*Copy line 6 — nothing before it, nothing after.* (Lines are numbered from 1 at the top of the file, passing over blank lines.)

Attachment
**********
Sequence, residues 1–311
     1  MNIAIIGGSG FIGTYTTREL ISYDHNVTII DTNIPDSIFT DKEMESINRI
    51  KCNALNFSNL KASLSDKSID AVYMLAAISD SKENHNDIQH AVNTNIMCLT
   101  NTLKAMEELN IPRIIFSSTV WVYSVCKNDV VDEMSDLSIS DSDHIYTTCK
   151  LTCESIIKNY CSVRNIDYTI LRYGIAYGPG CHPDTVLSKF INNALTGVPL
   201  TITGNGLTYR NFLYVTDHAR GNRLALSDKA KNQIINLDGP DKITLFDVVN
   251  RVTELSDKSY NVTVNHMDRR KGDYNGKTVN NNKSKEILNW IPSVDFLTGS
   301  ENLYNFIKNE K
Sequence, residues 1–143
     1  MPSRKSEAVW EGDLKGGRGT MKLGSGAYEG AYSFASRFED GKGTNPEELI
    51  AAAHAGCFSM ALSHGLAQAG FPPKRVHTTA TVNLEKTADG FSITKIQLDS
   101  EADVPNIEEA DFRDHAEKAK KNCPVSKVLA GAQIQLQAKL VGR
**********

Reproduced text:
   201  TITGNGLTYR NFLYVTDHAR GNRLALSDKA KNQIINLDGP DKITLFDVVN